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To Properly Maintain Blades:
- Be sure to fully dry the blades after each use to prevent rust from developing.
- Store the blades in a cotton skate cover, between practices, not in plastic skate guards where condensation will accumulate on the blades and cause them to rust.
- Use a hard-plastic skate guard when going on and off the ice.
- Sharpen the blades regularly. It is best to sharpen quickly on a regular basis rather than an occasional long sharpening job. Skates can be sharpened by club sharpeners: label with skater’s name, leave skates in the sharpening basket after practice. Cost is $5.00 per pair.
- Check the edge of the blade with a finger nail to check for sharpness and burr. If you are able to scrape some of your nail, the blade does not need to be sharpened. When checking for burr, you want to be able to scrape your fingernail upwards on the side of the blade without catching it on a piece metal.
- Have the rocker and bend on skates checked at least twice (beginning and mid-season) per season by a club coach or equipment person. Ask your coach for details.
Please ask your coach if you are not able to find these items listed below. Some can be ordered online from speed skating speciality companies while others can be purchased locally.
Not all these items are required for beginner skaters so ask your coach what they recommend to start. Have fun!
A full body suit, covering the participant’s arms and legs is necessary to reduce the risk of getting cut and to keep warm. It can be a skin suit that is worn in competition as shown in the illustration, or a pair of pants with a long sleeved shirt that allows the participant to have a full range of motion. Skating makes the kids hot so don’t send them out in their winter jackets as they will sweat quickly.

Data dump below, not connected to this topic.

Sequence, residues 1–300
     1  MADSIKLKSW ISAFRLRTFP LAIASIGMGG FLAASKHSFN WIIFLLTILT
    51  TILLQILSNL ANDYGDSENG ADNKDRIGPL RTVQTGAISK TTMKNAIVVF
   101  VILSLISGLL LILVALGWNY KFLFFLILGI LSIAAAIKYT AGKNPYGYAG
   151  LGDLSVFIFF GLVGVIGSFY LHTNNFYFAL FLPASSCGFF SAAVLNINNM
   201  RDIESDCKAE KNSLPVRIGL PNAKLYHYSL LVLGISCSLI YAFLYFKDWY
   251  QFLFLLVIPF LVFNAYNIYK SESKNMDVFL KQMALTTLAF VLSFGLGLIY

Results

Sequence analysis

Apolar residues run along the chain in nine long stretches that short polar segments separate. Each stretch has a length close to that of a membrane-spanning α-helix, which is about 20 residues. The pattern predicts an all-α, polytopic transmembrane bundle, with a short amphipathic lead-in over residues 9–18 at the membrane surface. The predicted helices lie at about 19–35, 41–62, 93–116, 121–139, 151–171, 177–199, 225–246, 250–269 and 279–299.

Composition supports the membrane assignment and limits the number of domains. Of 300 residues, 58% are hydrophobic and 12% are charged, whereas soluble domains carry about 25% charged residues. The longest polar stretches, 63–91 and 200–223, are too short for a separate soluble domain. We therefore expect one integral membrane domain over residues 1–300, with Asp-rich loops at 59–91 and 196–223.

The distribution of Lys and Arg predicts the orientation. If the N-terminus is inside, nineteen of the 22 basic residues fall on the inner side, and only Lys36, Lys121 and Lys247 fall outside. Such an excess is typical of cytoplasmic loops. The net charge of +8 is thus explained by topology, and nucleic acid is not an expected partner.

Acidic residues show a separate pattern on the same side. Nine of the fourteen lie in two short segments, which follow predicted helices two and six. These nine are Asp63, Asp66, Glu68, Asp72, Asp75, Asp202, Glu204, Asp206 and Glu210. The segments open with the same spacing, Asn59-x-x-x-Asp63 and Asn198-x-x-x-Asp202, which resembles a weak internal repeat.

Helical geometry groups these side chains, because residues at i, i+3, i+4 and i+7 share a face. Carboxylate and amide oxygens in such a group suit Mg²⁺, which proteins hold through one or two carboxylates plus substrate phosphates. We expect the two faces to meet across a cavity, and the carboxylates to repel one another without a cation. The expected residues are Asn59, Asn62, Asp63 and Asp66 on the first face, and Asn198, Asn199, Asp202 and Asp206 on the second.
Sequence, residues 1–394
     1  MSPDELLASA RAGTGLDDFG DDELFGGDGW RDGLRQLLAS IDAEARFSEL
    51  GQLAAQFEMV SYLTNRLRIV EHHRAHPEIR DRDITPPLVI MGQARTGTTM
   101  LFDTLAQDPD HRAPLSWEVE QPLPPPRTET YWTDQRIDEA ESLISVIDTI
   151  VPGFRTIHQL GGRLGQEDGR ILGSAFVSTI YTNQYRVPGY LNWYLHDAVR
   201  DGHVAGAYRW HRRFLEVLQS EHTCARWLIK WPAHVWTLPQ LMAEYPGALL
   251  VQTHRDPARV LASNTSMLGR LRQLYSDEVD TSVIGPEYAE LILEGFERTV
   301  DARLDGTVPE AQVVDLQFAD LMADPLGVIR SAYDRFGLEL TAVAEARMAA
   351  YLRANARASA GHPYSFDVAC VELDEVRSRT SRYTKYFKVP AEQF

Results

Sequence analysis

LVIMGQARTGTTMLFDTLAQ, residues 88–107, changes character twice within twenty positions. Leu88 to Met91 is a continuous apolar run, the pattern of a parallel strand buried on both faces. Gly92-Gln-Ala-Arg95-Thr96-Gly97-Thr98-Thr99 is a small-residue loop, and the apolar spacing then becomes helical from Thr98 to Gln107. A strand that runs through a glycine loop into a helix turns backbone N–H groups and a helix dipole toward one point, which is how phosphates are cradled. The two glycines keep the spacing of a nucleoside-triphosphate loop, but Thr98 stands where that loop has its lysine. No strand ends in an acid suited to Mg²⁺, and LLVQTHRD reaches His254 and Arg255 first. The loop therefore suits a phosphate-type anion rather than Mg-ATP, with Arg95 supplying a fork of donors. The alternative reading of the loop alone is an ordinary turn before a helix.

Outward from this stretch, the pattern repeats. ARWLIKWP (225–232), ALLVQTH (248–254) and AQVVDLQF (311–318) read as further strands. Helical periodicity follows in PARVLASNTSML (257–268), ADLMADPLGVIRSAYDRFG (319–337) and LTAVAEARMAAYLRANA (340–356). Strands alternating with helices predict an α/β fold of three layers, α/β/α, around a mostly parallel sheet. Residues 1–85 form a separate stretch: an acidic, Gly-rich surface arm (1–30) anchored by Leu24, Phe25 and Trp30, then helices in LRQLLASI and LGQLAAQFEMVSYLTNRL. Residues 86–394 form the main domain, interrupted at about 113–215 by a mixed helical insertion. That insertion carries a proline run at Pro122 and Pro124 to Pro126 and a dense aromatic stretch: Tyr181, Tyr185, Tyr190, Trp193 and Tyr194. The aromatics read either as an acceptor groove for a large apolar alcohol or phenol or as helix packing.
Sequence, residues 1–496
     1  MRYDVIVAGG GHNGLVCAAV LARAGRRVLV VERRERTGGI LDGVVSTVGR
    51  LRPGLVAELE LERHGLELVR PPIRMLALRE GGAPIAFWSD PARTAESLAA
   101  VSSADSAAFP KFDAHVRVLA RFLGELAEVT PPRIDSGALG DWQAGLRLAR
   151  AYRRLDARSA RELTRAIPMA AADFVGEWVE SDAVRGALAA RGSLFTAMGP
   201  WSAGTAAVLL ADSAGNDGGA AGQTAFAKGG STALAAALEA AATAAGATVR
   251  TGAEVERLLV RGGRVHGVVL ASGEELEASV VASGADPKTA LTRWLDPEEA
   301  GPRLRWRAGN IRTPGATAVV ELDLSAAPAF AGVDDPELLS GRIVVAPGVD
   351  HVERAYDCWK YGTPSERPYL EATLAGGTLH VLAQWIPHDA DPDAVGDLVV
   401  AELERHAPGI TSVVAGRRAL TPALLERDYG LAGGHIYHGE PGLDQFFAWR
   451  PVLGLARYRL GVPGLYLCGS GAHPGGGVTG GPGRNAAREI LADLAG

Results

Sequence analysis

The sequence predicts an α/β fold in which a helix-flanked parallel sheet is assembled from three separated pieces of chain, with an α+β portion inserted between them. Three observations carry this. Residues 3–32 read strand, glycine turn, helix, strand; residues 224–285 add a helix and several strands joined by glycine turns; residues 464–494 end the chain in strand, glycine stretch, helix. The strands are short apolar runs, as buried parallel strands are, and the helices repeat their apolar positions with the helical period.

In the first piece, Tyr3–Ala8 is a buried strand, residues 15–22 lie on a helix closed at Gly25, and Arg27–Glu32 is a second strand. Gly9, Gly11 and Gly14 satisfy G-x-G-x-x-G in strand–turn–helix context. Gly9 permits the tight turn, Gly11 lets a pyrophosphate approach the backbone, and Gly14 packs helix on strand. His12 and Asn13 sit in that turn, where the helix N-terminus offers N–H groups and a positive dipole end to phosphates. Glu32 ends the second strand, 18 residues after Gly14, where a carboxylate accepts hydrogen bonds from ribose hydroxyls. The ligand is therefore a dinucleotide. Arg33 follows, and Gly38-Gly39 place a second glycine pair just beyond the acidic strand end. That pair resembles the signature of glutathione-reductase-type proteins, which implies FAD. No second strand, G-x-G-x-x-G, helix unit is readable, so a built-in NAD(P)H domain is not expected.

A helmet is required for training in all contexts of short track speed skating. For beginners any helmet that does not have a pointed segment is acceptable, however, in order to participate in sanctioned competitions competitors must wear an ASTM certified helmet. Ask your coach for details.
Safety glasses are highly recommended for all participants and required in some provinces and territories. Glasses should be resistant to impact and have a strap that allows them to be firmly attached to the participant’s head. (e.g. Racquetball glasses or safety glasses from Home Depot work too!)
A neck guard with a bib is required and can be purchased at most sports stores – hockey ones are fine.
Cut resistant gloves are required. Gloves designed specifically for competition are available; however, a leather or synthetic leather glove is suitable for beginners.
Knee pads are often built directly into competition skin suits; however, these knee pads often provide limited protection to the sides of the knee. A knee pad made of high density foam that protects the side of knee is recommended. Participants should avoid the hard plastic knee pads often used for rollerblading. While these knee pads offer good protection to the wearer, they pose a safety risk to other participants in event of a collision. Volleyball knee pads work well.
For beginners, having knee pads makes the process of learning to skate less painful and a lot more fun so make sure you grab a pair before they get on the ice!
Shin pads are also often integrated into competition skin suits; however, for beginners it is recommend that participants wear a shin pad made of a hard plastic (soccer style).
Cut resistant socks are mandatory for competitions in some provinces and territories, and highly recommended for all. In high level competitions a cut resistant suit, which includes the socks may be required. Cuts to the ankles are among the most common, and preventable injuries suffered by speed skaters, and these socks significantly reduce the risk.
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